As shown in FIG. 2, the solenoid coil 172 used to actuate the safety valve is connected to the rest of the circuit 125 which is located at the surface by means of electrically conductive well tubing and casing, schematically represented at 122. The conductive path passes through a relatively low holding current power supply, illustrated by battery 123, a protection diode 124, a control switch 121, and a current monitoring resistor 126. A relatively higher value actuation current source, represented by battery 127, is connected in parallel through a normally open contact 128 of a contactor relay 129. The relay 129 includes an actuation coil 132 which closes the contacts 128 and connects the higher power source 127 to the conductive path 122 leading to the solenoid coil 172. Current flow through the monitoring resistor 126 is coupled to an inductance monitor circuit 133 the output of which is connected to a solenoid position logic circuit 134. The output of the logic circuit 134 is in turn connected to a decision logic circuit 135 which is powered by a voltage source 136 coupled to the circuit by means of a switch 137. The decision logic circuit 135 is also connected to a momentary contact switch 138. The solenoid position logic circuit 134 includes a valve open indication lamp 141, a valve closed indication lamp 142 and a current flow meter 143.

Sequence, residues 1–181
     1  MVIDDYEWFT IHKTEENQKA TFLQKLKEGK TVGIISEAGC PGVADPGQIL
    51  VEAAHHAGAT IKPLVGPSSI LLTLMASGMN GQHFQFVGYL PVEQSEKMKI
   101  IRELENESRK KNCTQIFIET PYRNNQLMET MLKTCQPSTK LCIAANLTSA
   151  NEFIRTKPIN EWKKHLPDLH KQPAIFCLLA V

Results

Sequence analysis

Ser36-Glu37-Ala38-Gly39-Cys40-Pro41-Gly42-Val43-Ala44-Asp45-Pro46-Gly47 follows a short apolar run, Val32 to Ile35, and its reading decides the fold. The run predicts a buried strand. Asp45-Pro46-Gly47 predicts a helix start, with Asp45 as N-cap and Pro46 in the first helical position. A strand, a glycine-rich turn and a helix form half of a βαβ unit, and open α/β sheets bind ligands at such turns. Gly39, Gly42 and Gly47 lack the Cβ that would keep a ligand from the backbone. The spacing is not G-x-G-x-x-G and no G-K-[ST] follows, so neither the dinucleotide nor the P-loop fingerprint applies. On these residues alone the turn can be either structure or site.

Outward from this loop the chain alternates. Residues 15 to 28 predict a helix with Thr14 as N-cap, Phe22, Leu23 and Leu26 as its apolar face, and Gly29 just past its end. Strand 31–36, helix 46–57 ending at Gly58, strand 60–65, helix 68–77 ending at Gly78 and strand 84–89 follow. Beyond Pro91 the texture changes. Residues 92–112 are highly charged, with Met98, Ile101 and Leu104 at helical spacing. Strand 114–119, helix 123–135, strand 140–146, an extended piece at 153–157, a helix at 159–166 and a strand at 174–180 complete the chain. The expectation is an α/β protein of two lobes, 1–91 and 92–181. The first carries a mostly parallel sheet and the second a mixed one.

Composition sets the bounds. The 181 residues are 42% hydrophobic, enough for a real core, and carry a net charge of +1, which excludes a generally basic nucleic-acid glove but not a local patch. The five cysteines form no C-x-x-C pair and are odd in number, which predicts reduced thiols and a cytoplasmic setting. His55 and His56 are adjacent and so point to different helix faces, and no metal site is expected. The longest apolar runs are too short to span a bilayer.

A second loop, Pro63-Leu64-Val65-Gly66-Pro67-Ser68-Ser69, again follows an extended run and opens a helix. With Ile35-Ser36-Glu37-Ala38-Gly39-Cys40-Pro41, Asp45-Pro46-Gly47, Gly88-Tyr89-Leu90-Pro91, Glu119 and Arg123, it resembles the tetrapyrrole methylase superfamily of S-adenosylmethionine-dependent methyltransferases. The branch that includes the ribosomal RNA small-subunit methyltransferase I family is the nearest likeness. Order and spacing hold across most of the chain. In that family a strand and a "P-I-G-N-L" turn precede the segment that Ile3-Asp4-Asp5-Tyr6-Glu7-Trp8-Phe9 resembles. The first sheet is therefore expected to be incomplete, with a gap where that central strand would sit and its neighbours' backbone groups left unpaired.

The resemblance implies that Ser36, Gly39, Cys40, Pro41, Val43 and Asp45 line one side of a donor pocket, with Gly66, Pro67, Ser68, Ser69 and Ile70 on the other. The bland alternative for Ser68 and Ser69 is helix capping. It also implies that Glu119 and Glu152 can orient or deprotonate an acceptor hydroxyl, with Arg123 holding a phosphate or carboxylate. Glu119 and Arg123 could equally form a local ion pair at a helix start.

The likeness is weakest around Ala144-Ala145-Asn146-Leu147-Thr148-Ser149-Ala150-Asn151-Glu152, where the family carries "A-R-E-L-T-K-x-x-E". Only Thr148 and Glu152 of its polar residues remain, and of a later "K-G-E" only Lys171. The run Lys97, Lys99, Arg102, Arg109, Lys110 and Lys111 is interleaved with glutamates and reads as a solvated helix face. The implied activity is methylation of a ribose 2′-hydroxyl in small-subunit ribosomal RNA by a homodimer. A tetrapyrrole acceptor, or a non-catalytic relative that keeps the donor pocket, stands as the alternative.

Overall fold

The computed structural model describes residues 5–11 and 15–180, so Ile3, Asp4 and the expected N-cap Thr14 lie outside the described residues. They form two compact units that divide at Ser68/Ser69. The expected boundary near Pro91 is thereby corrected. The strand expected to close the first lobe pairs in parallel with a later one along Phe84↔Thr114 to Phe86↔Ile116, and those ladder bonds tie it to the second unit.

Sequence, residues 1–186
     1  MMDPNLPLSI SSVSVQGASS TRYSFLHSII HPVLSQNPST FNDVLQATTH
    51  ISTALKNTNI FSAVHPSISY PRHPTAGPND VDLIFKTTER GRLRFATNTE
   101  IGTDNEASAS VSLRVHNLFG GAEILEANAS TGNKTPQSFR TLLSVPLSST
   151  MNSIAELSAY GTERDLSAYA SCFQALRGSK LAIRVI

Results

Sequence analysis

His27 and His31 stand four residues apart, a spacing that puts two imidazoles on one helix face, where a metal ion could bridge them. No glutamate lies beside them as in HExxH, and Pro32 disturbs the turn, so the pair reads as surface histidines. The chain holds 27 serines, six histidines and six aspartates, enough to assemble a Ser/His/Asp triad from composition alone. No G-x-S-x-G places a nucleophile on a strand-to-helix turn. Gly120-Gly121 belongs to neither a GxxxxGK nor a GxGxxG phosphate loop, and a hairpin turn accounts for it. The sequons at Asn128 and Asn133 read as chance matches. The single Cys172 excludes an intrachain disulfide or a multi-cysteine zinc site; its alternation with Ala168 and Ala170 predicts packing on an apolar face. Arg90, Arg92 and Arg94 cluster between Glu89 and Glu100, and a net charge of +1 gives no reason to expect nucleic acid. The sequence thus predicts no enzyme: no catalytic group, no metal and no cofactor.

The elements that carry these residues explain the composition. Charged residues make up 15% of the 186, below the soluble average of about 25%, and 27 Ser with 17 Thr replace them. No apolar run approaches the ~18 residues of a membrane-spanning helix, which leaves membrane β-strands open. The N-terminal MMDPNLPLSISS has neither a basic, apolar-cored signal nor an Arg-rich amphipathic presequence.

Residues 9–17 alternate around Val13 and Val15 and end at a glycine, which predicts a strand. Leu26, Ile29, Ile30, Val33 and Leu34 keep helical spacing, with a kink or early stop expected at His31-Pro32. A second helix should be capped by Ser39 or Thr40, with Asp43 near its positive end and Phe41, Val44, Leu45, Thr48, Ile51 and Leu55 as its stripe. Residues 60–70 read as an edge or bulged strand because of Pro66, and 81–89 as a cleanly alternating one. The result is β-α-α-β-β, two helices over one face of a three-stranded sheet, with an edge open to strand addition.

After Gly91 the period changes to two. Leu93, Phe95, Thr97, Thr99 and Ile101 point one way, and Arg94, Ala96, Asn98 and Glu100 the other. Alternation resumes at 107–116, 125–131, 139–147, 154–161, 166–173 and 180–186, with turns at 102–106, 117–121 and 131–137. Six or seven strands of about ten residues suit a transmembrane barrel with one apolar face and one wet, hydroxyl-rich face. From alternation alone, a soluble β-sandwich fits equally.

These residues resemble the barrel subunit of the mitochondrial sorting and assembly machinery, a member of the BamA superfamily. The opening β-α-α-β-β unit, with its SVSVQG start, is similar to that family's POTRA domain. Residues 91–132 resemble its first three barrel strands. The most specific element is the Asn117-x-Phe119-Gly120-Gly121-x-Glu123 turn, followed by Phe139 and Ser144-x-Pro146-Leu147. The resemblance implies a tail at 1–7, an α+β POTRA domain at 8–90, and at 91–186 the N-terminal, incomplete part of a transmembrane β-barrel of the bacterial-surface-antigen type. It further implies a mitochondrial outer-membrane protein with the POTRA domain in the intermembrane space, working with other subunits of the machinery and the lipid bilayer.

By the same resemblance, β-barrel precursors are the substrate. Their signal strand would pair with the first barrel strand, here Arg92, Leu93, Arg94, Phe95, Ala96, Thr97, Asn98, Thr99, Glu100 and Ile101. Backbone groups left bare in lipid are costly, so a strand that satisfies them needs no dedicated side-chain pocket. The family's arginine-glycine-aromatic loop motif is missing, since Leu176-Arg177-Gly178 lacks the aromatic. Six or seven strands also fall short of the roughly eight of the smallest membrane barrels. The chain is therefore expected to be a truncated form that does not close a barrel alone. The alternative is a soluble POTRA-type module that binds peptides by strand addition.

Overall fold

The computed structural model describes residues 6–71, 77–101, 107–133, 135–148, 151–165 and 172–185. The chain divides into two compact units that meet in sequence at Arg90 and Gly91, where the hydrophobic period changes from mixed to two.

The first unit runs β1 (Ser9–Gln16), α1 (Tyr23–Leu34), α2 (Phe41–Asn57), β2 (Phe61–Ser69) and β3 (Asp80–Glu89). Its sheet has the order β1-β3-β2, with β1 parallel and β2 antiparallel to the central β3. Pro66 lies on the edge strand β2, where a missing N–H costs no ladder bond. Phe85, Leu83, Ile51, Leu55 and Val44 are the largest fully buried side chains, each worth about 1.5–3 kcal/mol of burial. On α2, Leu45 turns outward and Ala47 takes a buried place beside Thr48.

When switch 121 is closed, the lower power source 123 supplies a low voltage current through the diode 124 and the current measuring resistor 126 to the solenoid coil 172. Whenever switch 137 is closed power is supplied from source 136 to the monitor/logic circuits and measurement of the inductance of the solenoid coil 172 by means of inductance monitor circuit 133 begins. Depression of momentary contact switch 138 causes the decision logic circuit 135 to supply current to the coil 132 of relay 129 closing the contacts 128. This applies a relatively high voltage current from source 127 through resistor 126 to the solenoid coil 172 causing it to actuate and open the safety valve. When the armature of the solenoid coil 172 changes position to open the valve, the change in current flow through resistor 126 is detected by the inductance monitor circuit 133 which provides a signal to the solenoid position logic circuit 134. The open valve indication lamp 141 is then illuminated and the closed valve indication lamp 142 is extinguished. When the solenoid position logic circuit 134 detects that the valve has reached its open or predetermined position, it provides a signal to the decision logic circuit 135 which removes current from the coil 132 of the relay 139 to interrupt the flow of the relatively high current value from the source 127 to the solenoid coil 172. The decision logic circuit 135 limits the time period during which a high power value is applied to the solenoid coil 172 in case the valve does not open during this preselected time period. In addition, the decision logic circuit 135 also allows the reapplication of current to the relay 129 after a preselected time period in order to try and reopen the valve after a selected cool-down period in the event the solenoid fails to fully open or partially closes after the first attempt to open.